Telling the story in a lighthearted yet informative way, peppered with humour and a liberal dash of creativity.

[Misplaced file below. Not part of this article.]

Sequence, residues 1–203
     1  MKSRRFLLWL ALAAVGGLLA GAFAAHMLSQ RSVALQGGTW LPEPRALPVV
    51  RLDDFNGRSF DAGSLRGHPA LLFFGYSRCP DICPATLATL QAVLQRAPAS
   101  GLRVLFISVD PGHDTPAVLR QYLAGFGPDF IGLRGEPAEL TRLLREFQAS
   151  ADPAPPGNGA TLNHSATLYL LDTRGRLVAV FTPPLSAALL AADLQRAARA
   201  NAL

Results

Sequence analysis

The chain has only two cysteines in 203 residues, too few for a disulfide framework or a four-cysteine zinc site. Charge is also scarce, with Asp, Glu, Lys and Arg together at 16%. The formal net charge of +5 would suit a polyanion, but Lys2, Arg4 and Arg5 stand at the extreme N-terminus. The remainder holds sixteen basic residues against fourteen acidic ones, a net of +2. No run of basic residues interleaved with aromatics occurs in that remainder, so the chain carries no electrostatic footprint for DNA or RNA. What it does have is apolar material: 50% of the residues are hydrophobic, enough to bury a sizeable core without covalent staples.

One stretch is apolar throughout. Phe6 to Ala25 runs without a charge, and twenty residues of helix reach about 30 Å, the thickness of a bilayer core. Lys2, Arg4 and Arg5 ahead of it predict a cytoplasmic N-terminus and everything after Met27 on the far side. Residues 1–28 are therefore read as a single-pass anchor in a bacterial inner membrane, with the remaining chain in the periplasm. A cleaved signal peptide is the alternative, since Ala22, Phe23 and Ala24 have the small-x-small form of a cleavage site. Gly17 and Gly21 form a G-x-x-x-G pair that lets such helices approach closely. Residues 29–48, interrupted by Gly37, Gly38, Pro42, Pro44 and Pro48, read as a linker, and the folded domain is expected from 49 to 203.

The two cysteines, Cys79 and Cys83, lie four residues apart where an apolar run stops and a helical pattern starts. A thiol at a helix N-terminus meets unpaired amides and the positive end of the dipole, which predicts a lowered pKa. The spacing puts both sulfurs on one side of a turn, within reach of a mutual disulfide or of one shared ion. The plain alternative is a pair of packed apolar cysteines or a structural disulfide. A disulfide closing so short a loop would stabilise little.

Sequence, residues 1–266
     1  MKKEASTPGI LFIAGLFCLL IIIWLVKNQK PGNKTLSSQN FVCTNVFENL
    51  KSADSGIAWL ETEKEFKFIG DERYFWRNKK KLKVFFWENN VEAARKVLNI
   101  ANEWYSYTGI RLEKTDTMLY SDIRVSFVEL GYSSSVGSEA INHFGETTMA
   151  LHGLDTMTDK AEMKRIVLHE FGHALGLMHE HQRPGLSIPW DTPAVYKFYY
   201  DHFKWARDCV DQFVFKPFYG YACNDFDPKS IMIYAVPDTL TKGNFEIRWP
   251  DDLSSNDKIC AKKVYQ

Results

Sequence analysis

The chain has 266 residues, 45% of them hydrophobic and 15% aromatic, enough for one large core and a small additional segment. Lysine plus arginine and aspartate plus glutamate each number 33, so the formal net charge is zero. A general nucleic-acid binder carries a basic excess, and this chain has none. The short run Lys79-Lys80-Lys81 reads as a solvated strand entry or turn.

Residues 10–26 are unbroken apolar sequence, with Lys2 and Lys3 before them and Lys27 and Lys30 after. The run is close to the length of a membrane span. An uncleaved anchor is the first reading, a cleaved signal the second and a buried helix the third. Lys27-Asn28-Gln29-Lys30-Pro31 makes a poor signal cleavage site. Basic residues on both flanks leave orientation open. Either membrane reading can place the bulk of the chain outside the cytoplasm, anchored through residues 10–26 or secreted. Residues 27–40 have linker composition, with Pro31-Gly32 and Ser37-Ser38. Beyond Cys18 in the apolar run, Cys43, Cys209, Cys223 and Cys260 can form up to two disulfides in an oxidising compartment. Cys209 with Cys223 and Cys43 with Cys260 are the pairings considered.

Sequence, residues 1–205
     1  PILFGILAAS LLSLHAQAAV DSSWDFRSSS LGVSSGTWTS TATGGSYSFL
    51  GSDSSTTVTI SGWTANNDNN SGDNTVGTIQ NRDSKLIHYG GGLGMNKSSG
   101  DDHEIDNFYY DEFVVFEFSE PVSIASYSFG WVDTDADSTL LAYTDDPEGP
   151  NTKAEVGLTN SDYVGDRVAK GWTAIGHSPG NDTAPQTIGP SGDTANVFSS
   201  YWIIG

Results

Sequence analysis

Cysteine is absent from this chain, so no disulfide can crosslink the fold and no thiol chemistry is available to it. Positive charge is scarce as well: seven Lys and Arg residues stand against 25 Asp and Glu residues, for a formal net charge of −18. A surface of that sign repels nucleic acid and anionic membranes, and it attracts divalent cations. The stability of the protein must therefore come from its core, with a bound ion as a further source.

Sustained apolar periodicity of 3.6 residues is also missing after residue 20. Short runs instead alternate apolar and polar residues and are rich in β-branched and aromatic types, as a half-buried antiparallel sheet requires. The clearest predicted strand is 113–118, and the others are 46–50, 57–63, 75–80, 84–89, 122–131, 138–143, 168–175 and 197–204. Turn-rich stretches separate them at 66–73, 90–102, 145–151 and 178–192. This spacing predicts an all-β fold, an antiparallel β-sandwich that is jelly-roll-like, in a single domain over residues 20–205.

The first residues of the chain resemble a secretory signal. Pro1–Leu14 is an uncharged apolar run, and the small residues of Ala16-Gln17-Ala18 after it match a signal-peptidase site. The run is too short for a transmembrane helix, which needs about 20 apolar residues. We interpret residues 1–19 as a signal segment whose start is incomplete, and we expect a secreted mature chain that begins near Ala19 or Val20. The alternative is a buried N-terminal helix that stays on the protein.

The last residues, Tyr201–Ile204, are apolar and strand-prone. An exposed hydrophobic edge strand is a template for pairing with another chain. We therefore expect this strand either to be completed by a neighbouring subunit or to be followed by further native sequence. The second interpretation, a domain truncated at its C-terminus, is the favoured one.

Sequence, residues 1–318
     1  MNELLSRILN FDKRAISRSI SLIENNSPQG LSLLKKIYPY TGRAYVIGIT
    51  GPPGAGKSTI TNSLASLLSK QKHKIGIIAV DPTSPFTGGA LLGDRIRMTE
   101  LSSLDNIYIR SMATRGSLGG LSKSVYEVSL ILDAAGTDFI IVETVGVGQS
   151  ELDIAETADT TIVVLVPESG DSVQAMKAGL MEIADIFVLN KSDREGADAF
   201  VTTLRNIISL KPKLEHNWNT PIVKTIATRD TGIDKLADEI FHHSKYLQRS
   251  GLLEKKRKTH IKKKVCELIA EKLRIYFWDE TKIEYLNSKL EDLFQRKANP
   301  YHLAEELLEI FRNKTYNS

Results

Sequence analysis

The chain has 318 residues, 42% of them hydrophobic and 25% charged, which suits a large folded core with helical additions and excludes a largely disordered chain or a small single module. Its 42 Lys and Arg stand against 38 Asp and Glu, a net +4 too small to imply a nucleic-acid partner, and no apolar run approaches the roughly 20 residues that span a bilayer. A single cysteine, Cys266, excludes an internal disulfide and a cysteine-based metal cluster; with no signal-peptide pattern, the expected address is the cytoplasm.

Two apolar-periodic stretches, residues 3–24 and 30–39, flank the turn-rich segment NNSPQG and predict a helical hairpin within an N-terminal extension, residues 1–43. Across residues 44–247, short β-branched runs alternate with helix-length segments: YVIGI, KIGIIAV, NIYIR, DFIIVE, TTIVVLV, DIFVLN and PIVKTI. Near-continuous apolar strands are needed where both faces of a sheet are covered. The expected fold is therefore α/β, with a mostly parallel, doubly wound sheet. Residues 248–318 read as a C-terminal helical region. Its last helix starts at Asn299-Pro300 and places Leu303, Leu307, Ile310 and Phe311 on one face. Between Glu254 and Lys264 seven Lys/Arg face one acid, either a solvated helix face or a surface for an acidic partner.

Who doesn't love a food show? For me, it brings back great memories of sampling my way through the food building at the Canadian National Exhibition when I was a kid. I'm fairly certain I first tasted oka cheese there. Perhaps I've always been a foodie. The Savour The Flavours Show held this past weekend at Tangle Creek Golf & Country Club was the perfect event for a curious nibbler like me.Tangle Creek is a lovely setting. I had been there once before for an outdoor wedding a few years ago. It was nice in itself to take a short drive just beyond Barrie's westernmost border into the countryside on a sunny spring day. The show was held inside the clubhouse, which isn't massive, but has a cottagey but modern feel to it, and is situated on a hill with a fantastic bird's eye view of golfers and farmers for miles around.Techno music pumped from the Smokinstein food truck setting up just outside the front doors. I didn't see any obvious signage proclaiming that a food show was inside, but the food truck and the multitude of vendor vehicles in the parking lot was a dead give-away. Inside, I was greeted by a very friendly young woman at the pass desk. I felt like a genuine V.I.P. when she looked my name up on 'the list' and handed me my swag bag. I could really get used to this!Mary Macleod's Shortbread booth was my first stop. It's not that I have a big sweet tooth, (I really don't), but anything Scottish related stops me in my tracks every time. Scotland is my birthplace and also the location of a very old inn where I did part of my cook apprenticeship many years ago. So I stopped at Mary's and a well spoken grand daughter, possibly a great grand daughter, gave me a sample of their chocolate shortbread, and explained how their business got started. The verdict: melts in your mouth!I took a look at various vendors, but some more than others grabbed my attention, so I would stop for a chat. I tarried at SeriTeas because I'm a tea drinker ... or so I thought. Apparently, I don't know as much as I thought I did about brewing teas. No wonder I don't like green tea, (too bitter in my past experience), as it seems the boiled water must cool a few degrees before steeping the leaves. Oh.Cottage Country Vegan; ah what can I say about Carolyn Allgeier? What a lovely soul, full of knowledge and warmth, passion and dedication. At least that's what I took away from our short interaction at her booth. Being a quasi vegetarian myself, or a vegan with training wheels as she so smartly put it, I was a sponge for those few minutes soaking up the information she offered. Some day, I must sign up for one of her all day culinary classes held in the kitchen of her house on Georgian Bay.Hello, kilted gentleman! I'm so glad that no one walked into my back as I stopped dead in my tracks at the booth belonging to the aptly named Highlander Brew Co. Very soon, I knew that the kiltie was a Wilson of Glasgow descent, the tartan he was wearing was the Canada tartan, and that Highlander Brew Co. produces several varieties out of their South River, Ontario brewery. I'm going to check the LCBO this summer for these inspired names: Blacksmith Smoked Porter, Scottish Ale and Twisted Spruce. No, I did not buy a sample ticket. Some of us Scots are as notoriously frugal as they say!Harvest Share Food box caught my eye too. Based out of the Holland Marsh, where I grew up, the Verkaik family has been farming in the south end of the marsh for 80 years. They have branched out from simple market gardening to selling seasonal produce in boxes that customers sign up for in advance. The contents vary as the growing years evolves. We had a great gab about everything from heirloom carrots to mutual Holland Marsh friends and family.During my childhood playing in those swampy woods, I had only noticed in passing the dark growths of fungus on birch trees and never thought of it again. At Annanda Chaga's informative booth, I received a mini education on the healing properties, long known to aboriginal people, of the chaga mushroom. The black chaga, relative to shiitaki mushrooms, forms over injuries to the tree and forms a 'bandage'. It saves the tree, yet lives from the tree. I sampled a mild tea that is known to detox, de-stress, fight disease and add vitamins.Suprsingly, especially to me, my most memorable and moving conversation of the day was perhaps with Steve Benson of The Restaurant Store of Barrie. Food service supplies don't exactly jump out and grab me. I work with them every day. But Steve was very warm and friendly, a born salesman of course. He told me about their free knife sharpening service, among other things, and told me that they happily accept donations for the Seasons Centre for Grieving Children at any time too. Steve explained that this charity is near to his heart ever since a fellow motorcycle enthusiastic who was suffering from pancreatic cancer once said to him "Yes, my children already go there." In the end, I left with a supply catalogue and goosebumps on my arms.When I left the food show, I found that I had eaten a lot less than I had imagined. It wasn't for the lack of yummy samples - there were plenty! Somehow I exited feeling filled up anyway. The tasty tidbits are a great draw of course, but I found that the interesting people were the biggest treat of all.